Sep. 16, 2003 DURHAM, N.C. -- Neurobiologists at Duke University Medical Center have found the strongest evidence yet that monkeys show the same keen "social reflexes" that humans do -- shifting their attention in response to the direction of gaze of another individual. The researchers said their findings mean that monkeys can provide a critically important animal model of how the brain controls what humans pay attention to in social situations.
Such a model would enable scientists to better understand how processing of social attention works in the brain, and how it can go awry in such disorders as autism. Such basic studies, said the neurobiologists, could lead to better treatments for autism and better methods to teach autistic children.
The researchers, post-doctoral fellow Robert Deaner and Assistant Professor Michael Platt, reported their findings in the Sept. 16, 2003, issue of Current Biology. The research was supported by the National Institute of Mental Health and the National Eye Institute.
In their experiments, the researchers compared the eye movements of humans and rhesus macaque monkeys when they were shown images of monkeys looking either to the left or right.
The researchers would first concentrate the human or monkey test subjects' attention to the center of a computer screen by showing them a yellow square. The subjects would then be shown either another square or an image of a monkey looking either left or right. Immediately after that, the face would disappear and to the left or right on the screen a yellow square would flash. The researchers used a magnetic coil technique to measure with high accuracy and speed the eye movements of the subjects.
Explained Platt, "Our prediction was that if seeing a monkey looking in one direction or another actually changes where you're paying attention, then you should shift your gaze faster if the box appears in the direction in which that monkey face was looking and slower in the other direction. Which is exactly what we found with both humans and monkeys." Thus, he said, the subjects were "covertly" shifting their attention before obviously shifting their gaze. Although prior studies have shown that monkeys sometimes turn their head and eyes when they see another individual turn and look to the side, the study by Deaner and Platt provides the first evidence that monkeys reflexively and internally shift their attention where another individual is looking.
The subjects also provided other more subtle clues that their attention had reflexively shifted in the direction of the monkey-image gaze, said Platt. An instant after the monkey images appeared, the subjects showed infinitesimal, involuntary eye movements in the same direction the monkey image was looking, found Deaner and Platt.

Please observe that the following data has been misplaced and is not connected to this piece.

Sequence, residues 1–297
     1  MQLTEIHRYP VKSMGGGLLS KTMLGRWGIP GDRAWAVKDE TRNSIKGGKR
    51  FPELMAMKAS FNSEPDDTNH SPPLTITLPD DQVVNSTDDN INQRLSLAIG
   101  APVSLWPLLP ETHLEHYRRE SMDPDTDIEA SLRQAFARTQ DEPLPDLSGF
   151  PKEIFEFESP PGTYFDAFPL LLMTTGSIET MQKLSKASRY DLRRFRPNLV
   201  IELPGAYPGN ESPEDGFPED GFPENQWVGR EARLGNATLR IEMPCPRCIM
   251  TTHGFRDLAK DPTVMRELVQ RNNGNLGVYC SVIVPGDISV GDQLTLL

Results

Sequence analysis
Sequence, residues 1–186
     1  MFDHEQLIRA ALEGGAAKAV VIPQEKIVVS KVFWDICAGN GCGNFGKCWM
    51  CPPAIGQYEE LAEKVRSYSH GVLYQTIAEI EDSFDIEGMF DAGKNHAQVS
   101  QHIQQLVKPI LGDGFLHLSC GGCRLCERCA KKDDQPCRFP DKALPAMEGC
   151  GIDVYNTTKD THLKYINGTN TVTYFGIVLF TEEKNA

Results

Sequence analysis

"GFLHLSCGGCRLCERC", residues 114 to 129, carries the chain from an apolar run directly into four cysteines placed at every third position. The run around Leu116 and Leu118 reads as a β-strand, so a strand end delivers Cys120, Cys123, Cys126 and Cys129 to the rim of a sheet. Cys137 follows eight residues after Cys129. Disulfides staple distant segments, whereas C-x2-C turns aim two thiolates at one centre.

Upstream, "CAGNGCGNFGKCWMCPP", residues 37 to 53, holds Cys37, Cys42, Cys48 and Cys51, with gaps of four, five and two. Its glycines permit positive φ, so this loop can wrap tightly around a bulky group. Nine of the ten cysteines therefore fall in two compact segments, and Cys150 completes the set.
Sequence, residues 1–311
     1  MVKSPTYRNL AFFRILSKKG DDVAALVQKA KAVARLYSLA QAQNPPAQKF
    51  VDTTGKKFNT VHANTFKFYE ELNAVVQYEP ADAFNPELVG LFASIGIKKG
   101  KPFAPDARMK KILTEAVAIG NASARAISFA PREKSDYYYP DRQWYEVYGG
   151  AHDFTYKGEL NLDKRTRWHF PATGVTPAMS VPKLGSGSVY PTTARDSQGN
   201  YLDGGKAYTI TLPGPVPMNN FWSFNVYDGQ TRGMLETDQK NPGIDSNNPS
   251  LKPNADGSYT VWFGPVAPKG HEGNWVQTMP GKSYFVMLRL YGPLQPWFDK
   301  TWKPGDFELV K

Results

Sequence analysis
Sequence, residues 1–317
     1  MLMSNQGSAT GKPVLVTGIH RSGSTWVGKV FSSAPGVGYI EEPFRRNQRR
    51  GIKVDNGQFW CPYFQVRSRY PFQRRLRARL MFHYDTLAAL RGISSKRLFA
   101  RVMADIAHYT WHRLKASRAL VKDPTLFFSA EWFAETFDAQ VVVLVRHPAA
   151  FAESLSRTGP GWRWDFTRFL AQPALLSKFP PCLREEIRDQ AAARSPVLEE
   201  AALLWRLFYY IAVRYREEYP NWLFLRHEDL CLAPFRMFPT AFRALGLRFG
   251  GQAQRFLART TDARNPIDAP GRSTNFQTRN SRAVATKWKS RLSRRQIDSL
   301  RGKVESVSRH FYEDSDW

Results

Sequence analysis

Also importantly, said Platt, the shift in attention was very temporary, as would be expected if it were not immediately reinforced by something happening in the direction of the monkey-image gaze. The reflexive tendency to follow gaze is, indeed, powerful, said Platt.
"It's really striking when you're sitting there, and you look at these faces pop up," he said. "You feel yourself wanting to look in that same direction."
Platt said that the finding offers the promise of a manipulable animal model of "social attention" -- how the human brain assesses the goals and intentions of other humans and responds to them.
"It's been long known what parts of the human brain are involved in identifying and recognizing other individuals as well as those parts of the brain involved in shifting attention," said Platt. "And there have been new magnetic resonance imaging studies that show that both these parts of the brain respond to such social cues as gaze.
"But to get a real understanding of how this response is accomplished at a neuronal level, you need an animal model that you can manipulate physiologically," said Platt. "This is the first time it has been shown that such a cognitive ability corresponds so exquisitely in humans and monkeys."
Besides offering a basic understanding of the neural machinery of such social reflexes, said Platt, such a model could yield insights into such disorders as autism.
"Children with autism tend not to orient to other individuals," he said. "They don't tend to look other people in the eye, and in particular they show a strong deficit in shifting their attention where another individual is looking or paying attention."
Such deficits not only cause problems for autistic children in everyday social interactions, said Platt, but also in teaching them.
"When you're teaching another person, you often engage with them in 'joint attention,' where you establish attentive contact and undergo a give and take, as you both concentrate on something," said Platt. "You often don't see that capability in autistic individuals."
To understand the neural functions of such social processing, Platt and his colleagues are embarking on studies in which they will first study the responses of nerve cells in parts of the brain devoted to shifting attention to determine if social information influences patterns of brain activity there. In future studies, they plan to alter or disrupt neurons or structures in the social-processing regions of the monkeys' brains, and explore whether the resulting behaviors mimic the symptoms of autism.
Also, he said, the researchers can explore the environmental contribution to autism by studying the effects of manipulating the animals' social surroundings during their development.
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